On Sun, Jul 16, 2017 at 7:44 AM, Matt Wilbur <wilb...@gmail.com> wrote: > On Sun, Jul 16, 2017 at 7:26 AM, Alexander Burger <a...@software-lab.de> > wrote: >> On Sat, Jul 15, 2017 at 03:02:02PM -0400, Matt Wilbur wrote: >>> Correct. I am working on a project that uses a MIPS processo embedded >>> ... >>> I need the 64-bit PicoLisp, but MIPS isn't one of the >>> architectures currently supported. >> >> Now I understand. >> >>> I started to look at how things >>> are done for ARM and intel, but don't have the time right now to >>> properly add MIPS. >> >> This is the right place. A MIPS port would probably be similar to the arm64 >> and >> ppc64 versions. But it is indeed a nasty piece of work. Each of the existing >> ports took me several weeks. Funny thing is that the most tedious part was >> always the floating point support (despite PicoLisp does not have floats in >> the >> language, it must support them on the VM level for 'native' calls). > > I would very much like to take a crack at as I think it would be a > great learning experience. At a first glance the code that generates the > assembly looks very reminiscent of some of the old assemblers written > in Forth I once admired. I am by no means a MIPS guru but I have > enough resources I think I can figure stuff out.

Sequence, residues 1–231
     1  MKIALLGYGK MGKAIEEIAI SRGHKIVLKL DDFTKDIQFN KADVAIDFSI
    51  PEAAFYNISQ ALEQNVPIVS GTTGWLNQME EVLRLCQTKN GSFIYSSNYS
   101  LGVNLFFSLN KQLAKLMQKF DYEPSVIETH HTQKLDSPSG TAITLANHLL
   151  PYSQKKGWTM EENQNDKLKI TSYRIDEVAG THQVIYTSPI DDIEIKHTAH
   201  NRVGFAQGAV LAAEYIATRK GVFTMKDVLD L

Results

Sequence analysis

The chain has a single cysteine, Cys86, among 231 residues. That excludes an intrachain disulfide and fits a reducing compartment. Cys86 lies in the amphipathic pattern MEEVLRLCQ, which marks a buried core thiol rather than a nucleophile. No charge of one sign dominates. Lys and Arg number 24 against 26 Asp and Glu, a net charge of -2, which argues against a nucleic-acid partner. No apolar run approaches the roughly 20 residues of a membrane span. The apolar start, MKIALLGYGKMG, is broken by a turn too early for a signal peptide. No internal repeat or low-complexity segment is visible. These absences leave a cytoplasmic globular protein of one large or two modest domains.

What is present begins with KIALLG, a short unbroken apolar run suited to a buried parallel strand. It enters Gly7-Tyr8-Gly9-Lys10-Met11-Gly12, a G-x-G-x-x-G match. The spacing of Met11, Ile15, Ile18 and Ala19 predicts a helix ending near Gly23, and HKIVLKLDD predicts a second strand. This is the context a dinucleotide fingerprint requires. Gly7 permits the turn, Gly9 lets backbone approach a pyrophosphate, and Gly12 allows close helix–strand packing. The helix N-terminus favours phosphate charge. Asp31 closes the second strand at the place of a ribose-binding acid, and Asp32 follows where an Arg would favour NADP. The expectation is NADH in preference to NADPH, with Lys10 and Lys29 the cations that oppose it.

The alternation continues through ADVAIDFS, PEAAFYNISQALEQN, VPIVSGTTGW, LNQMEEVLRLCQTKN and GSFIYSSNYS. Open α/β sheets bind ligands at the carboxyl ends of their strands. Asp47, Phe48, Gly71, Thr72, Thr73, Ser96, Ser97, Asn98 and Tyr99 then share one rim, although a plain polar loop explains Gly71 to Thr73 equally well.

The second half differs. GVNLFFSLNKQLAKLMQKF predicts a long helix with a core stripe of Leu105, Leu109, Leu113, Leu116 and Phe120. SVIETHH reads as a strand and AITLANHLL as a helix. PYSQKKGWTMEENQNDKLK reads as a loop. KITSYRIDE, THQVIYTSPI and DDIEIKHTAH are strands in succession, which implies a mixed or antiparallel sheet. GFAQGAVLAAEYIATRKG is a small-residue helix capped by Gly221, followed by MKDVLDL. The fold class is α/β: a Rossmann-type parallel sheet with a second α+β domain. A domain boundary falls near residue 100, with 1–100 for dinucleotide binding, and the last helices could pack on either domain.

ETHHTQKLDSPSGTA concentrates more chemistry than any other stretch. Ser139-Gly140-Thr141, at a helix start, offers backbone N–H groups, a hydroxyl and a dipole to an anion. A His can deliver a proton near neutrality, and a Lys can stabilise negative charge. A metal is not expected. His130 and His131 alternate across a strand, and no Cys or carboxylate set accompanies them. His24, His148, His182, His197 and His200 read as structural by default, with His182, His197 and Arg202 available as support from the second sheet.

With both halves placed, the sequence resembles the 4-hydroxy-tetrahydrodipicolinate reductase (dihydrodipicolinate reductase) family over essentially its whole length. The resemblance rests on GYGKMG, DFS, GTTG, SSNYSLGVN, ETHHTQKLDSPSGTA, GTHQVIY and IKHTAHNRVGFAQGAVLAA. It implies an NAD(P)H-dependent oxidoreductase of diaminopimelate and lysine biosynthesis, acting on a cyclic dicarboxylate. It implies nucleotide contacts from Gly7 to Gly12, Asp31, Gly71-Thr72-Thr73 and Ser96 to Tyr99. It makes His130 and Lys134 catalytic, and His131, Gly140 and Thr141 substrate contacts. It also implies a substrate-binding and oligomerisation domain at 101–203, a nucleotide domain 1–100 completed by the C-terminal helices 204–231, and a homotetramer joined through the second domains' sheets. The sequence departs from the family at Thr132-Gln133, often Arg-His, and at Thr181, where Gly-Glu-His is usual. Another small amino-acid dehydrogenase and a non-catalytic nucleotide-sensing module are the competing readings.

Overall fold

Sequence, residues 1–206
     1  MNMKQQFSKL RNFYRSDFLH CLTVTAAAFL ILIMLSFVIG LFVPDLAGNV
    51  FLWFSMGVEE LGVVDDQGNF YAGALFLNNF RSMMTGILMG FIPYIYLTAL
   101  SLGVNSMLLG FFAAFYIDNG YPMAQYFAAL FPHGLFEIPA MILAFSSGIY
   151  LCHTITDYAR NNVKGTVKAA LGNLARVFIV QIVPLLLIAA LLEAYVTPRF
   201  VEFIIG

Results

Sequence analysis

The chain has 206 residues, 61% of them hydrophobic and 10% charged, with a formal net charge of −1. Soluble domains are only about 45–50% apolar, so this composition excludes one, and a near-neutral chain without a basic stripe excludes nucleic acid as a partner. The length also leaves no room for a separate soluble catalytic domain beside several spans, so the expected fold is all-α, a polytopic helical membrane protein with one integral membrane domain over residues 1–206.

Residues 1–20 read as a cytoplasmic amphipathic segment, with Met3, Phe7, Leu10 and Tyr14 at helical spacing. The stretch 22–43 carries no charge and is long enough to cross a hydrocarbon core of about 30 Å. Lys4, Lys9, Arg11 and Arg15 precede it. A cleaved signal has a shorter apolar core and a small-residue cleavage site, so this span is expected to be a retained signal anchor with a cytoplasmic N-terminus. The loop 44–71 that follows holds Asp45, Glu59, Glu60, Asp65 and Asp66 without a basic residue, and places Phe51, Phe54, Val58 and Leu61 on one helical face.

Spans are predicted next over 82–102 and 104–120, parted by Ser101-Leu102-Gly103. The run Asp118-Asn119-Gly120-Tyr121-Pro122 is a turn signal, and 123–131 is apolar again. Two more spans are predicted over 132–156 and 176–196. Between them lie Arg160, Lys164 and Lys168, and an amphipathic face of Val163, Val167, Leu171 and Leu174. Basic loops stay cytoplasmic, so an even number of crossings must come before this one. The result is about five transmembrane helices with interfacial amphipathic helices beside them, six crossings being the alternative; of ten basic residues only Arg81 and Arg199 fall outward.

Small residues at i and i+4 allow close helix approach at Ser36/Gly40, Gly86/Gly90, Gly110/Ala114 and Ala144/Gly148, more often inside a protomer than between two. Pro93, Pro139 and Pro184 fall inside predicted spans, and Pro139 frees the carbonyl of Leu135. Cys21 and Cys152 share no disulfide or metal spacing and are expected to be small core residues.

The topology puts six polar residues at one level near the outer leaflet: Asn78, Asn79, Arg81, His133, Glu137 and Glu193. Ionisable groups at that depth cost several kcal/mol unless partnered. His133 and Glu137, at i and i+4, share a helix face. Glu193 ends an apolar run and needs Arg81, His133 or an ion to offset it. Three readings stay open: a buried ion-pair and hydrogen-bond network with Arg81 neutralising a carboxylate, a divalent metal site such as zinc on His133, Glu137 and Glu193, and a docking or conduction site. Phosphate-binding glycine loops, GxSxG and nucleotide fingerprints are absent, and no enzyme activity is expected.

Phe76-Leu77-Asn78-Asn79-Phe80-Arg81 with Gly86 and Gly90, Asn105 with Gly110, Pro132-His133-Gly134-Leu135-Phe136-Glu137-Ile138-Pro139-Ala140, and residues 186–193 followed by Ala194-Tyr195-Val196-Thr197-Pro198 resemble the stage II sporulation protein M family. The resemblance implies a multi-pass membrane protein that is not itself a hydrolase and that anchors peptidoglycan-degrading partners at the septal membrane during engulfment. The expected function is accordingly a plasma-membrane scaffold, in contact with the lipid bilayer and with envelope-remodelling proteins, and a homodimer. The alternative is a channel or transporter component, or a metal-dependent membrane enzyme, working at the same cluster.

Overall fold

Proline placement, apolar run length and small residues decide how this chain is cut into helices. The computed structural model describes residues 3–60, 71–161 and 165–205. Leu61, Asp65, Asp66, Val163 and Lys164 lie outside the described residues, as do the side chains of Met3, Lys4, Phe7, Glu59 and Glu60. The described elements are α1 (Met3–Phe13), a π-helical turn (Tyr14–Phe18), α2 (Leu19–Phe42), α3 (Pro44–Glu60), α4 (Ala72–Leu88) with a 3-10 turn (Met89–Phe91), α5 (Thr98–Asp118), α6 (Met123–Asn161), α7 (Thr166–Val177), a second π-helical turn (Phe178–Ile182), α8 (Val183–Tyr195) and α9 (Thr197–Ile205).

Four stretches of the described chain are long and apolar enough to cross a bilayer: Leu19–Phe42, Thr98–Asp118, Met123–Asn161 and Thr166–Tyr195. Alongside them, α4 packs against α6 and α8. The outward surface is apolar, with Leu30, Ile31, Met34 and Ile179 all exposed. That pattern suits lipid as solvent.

Reality just intervened - my MIPS processor is native 32-bit. So I think emu is my only option. :( > >>> So, I got the 64-bit PicoLisp compiled in emulator mode, after >>> cross-compiling sysdefs, capturing the output in a text file, and then >>> using that output in places where the output from sysdefs was read via >>> a pipe. >> >> OK, good. The drawback with emu is the slow execution speed though. >> >> >>> I had assumed (perhaps incorrectly) that, using emu, VM bytecode was >>> created on the fly and that it gets "executed" >> >> The bytecodes (if we may call 16-bit words "bytes") are created at build >> time, >> as you will have noticed, in the generated C source files. >> >> >>> I am completely open to the idea that I am being completely wrong >>> headed about something. >> >> Not wrong at all. The problem is only the missing MIPS port ;) >> >> ♪♫ Alex >> >> -- >> UNSUBSCRIBE: mailto:firstname.lastname@example.org?subject=Unsubscribe -- UNSUBSCRIBE: mailto:email@example.com?subject=Unsubscribe